regarded as a rogue or a dupe; in the second, as a martyr; in the third, as a hero. But this is not always true; it is true of those who oppose, but not of those who lead peoples, in their emergencies, and political or social revolutions.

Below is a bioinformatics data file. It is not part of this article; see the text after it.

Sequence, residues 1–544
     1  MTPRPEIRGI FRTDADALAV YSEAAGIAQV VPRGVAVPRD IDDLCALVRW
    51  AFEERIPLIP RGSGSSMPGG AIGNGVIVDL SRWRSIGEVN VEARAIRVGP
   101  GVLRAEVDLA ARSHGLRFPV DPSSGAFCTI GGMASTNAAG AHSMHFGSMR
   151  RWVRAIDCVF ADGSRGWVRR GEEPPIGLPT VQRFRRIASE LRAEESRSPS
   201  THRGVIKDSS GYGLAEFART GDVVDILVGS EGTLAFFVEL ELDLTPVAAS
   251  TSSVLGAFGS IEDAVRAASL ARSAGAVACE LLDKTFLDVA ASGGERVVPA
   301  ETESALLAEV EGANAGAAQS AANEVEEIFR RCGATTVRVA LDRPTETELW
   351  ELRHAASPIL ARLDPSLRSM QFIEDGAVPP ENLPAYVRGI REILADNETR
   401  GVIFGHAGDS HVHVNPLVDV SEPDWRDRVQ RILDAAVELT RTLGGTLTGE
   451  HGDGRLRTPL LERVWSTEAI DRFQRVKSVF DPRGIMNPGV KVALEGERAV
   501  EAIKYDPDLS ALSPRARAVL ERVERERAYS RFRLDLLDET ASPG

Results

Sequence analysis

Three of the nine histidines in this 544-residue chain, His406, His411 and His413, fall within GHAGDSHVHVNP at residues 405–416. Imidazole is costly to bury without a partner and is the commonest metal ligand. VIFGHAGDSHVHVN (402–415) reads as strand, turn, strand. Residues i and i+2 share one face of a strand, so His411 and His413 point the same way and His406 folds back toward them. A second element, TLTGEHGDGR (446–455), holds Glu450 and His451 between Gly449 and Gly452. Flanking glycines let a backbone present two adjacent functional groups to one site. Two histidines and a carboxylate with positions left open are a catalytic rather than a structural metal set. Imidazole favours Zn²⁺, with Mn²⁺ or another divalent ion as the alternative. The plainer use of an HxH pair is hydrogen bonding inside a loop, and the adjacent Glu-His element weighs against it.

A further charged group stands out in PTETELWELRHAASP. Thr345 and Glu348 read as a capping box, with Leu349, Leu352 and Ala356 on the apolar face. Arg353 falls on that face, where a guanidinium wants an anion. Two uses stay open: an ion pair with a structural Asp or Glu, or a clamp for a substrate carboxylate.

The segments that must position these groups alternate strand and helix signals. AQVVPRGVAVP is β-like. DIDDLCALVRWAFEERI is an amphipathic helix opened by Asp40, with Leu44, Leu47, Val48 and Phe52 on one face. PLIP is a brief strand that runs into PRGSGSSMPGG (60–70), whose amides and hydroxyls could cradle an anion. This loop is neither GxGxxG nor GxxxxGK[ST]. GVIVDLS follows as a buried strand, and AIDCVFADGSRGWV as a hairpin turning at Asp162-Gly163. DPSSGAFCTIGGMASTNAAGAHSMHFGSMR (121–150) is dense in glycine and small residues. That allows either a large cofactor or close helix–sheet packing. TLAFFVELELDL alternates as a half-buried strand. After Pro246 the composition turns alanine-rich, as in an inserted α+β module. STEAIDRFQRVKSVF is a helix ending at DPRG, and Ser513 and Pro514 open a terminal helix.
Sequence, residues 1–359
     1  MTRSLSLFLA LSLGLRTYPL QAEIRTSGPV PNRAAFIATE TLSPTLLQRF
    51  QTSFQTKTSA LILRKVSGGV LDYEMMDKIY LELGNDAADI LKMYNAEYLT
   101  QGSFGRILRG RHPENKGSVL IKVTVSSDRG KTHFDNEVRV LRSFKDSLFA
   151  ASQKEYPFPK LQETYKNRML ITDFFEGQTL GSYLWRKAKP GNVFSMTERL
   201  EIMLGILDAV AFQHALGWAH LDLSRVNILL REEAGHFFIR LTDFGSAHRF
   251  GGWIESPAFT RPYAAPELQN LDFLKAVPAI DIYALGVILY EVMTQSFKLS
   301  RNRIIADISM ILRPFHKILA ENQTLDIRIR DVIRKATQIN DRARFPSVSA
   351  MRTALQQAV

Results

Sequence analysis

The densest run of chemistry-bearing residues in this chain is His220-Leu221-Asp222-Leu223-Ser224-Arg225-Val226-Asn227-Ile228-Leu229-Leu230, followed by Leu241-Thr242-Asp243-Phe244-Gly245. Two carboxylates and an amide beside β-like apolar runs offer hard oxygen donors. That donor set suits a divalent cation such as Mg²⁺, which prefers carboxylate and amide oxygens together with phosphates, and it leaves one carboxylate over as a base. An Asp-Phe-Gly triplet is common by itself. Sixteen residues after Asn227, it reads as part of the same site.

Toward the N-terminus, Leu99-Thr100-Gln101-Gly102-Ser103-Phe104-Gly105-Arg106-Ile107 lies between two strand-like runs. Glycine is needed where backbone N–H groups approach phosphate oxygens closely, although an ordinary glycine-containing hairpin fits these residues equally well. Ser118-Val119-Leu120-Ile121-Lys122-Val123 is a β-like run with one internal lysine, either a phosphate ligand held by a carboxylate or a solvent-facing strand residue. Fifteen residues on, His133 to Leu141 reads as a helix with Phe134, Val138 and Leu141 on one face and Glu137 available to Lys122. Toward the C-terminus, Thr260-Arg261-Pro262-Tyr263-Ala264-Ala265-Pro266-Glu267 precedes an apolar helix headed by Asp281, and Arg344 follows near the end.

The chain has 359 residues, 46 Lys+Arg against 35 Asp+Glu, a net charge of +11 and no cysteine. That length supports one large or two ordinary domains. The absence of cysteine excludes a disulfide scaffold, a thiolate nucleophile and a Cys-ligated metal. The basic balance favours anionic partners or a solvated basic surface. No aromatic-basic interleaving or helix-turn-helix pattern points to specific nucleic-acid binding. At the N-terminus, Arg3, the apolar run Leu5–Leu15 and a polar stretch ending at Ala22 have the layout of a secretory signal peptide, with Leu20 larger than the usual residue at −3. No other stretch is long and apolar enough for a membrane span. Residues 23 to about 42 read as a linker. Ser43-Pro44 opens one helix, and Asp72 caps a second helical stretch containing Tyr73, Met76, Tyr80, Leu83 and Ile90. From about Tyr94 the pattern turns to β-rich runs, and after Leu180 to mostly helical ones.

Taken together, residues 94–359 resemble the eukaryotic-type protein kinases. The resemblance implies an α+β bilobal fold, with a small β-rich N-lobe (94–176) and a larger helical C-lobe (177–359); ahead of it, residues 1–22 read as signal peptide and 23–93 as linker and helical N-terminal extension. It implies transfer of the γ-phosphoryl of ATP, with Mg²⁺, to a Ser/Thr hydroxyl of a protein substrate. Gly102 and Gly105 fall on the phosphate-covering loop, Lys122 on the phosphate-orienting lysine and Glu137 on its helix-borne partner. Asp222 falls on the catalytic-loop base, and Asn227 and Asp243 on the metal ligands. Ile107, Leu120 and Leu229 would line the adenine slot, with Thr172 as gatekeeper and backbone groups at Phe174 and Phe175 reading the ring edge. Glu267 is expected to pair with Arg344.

This second way of studying history—that is, taking the period which may be most attractive to the taste of the student-will resolve itself into the study of groups of men and characters, and of political and religious opinion. For both these methods, books of historical biography are not merely useful but essential; and these should be supplemented by public records, documents of the period, county and family histories. Lest the reader should be driven too much a-field, it will be best to point out to him certain books in which he will find almost all that he wants. I will begin with “The History of the Anglo-Saxons," by Sir Francis Palgrave; and “The History of the Anglo-Saxons," by Mr. Sharon Turner, a London solicitor, and the father of the present Rev. Sidney Turner, Inspector of Her Majesty's Reformatories. Mr. Turner has an intricate style, and a certain ambitious pomp and parade, which is sometimes most unsatisfactory; but the early volumes of his “History of England to the Death of Queen Elizabeth,” published in six volumes quarto and twelve volumes octavo, are very valuable, and are thoroughly well compiled. Sir Francis Palgrave has also written “The Rise and Progress of the English Commonwealth in the Anglo-Saxon Period," which is a truly able work, and which introduces us to the founders of English character, laws, and liberty. Mr. Charles Mills has published a history of an important movement, "The History of Chivalry and the Crusades ;"